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Kojima - Japan's  Denim Mecca
A man works a weaving machine at the Momotaro Jeans in Kurashiki, Japan.
Chris McGrath—Getty Images

Jeans scream Americana, but the world's denim capital may actually be situated a world away.

Industry insiders and fashion magazines have long revered Japanese jeans, thanks to their rough fabric, distinctive fade, crease lines and laser-sharp attention to detail. These days, luxury Japanese denim brands have attracted a cult following of customers willing to pay hundreds, and even thousands, of dollars for the perfect pair of jeans. Momotaro Jeans, for example, sells pants made on a hand-operated shuttle loom for $2,000 a pair, the Wall Street Journal reports.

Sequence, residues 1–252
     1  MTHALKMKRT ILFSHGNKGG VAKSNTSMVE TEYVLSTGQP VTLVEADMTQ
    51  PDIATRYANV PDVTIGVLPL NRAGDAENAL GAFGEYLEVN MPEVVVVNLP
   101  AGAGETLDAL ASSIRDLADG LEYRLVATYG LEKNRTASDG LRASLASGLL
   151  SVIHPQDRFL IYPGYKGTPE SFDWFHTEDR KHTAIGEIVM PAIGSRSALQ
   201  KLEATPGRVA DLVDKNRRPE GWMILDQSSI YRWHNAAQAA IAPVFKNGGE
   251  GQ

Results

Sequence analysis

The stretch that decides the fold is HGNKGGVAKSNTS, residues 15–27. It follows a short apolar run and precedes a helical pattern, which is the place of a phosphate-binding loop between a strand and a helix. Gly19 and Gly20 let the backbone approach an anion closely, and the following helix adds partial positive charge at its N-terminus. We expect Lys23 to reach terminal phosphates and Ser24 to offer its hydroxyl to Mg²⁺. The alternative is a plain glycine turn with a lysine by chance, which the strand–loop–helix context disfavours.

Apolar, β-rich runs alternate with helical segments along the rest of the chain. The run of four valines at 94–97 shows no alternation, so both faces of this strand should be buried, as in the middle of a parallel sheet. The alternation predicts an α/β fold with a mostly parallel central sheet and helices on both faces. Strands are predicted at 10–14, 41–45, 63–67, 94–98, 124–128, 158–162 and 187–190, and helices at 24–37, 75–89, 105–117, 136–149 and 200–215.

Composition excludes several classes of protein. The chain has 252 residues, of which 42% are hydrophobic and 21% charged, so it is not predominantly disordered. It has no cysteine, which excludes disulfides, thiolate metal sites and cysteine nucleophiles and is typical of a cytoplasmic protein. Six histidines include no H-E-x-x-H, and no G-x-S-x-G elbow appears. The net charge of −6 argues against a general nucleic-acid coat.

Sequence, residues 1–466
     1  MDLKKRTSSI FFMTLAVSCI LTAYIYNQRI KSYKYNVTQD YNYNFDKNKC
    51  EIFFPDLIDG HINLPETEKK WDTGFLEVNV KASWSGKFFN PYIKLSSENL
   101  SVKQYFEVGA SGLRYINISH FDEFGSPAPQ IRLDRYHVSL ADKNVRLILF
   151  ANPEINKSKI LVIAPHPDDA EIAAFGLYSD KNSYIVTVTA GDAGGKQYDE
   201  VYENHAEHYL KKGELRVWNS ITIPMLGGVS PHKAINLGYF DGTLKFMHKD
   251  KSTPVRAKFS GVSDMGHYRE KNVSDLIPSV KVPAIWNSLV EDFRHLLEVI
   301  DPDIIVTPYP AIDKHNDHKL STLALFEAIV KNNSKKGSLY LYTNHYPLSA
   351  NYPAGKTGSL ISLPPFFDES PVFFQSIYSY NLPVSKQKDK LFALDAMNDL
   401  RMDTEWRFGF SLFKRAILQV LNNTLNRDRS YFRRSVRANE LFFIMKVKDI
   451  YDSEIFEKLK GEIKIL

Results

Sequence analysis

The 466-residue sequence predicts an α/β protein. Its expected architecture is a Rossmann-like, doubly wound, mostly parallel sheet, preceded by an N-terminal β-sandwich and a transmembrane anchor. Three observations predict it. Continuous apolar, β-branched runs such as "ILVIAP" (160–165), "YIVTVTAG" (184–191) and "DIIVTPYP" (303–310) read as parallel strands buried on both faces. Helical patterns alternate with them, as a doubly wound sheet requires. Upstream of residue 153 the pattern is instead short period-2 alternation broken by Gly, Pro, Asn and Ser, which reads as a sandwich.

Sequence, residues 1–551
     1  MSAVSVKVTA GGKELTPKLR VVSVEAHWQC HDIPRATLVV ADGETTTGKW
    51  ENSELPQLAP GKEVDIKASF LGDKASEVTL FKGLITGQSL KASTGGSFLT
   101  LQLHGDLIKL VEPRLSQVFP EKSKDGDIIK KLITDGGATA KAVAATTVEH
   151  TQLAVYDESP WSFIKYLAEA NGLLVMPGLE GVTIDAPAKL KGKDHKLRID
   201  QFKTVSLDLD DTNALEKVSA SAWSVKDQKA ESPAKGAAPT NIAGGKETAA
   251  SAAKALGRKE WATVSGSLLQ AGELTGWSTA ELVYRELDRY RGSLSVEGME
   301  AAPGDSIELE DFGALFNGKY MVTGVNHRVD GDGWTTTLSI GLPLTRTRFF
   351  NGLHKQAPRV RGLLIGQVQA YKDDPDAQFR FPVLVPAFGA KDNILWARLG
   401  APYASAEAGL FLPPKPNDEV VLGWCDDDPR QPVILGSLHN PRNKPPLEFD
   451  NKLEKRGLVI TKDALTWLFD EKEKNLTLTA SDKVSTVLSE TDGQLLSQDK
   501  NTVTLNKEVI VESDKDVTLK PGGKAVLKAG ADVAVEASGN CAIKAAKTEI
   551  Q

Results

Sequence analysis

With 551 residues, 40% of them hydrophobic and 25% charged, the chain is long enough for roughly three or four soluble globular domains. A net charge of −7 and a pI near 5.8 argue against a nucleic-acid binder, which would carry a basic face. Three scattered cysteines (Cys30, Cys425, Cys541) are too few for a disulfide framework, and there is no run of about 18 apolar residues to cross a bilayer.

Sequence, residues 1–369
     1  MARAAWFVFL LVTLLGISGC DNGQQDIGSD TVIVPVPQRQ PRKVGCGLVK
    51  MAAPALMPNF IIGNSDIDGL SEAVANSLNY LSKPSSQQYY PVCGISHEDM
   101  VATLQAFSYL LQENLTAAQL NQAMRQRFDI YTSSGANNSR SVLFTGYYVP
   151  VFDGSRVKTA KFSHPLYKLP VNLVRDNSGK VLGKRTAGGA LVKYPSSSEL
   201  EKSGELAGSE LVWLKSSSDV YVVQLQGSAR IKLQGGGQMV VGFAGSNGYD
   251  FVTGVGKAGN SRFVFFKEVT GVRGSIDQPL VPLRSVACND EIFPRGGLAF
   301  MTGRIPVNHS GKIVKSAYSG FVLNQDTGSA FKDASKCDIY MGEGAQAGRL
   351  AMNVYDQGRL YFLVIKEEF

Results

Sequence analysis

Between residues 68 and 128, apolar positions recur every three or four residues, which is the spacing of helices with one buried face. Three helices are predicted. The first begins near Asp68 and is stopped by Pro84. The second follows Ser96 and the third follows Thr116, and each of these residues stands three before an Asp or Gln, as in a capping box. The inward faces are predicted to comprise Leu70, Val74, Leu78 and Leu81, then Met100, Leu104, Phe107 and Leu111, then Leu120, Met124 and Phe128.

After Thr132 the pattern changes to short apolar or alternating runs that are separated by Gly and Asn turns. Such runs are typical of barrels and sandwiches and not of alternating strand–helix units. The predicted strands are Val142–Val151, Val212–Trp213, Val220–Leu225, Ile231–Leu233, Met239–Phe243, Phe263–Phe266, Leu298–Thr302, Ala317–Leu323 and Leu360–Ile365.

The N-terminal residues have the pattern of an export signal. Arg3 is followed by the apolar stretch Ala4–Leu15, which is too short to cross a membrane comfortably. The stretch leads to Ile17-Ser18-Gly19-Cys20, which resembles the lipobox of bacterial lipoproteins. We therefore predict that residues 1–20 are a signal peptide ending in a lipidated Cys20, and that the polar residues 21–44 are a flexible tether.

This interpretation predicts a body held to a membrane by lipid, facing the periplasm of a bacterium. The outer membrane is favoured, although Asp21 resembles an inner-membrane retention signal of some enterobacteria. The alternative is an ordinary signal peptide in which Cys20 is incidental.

“American tradition made better? Many people have said that to us. We’re not thinking about making something American,” Momotaro Jeans general manager Tatsushi Tabuchi told the Journal.

Japanese denim brands such as Samurai, Big John and Needles have also been highlighted recently by fashion magazines such as Vogue.

Can't afford to drop $2,000 on a pair of jeans? Momotaro also sells hand-made jeans at a the relative bargain price of around $300, and mass-market brands such as Gap, Everlane and Uniqlo use Japanese denim in their products — at a more affordable price point.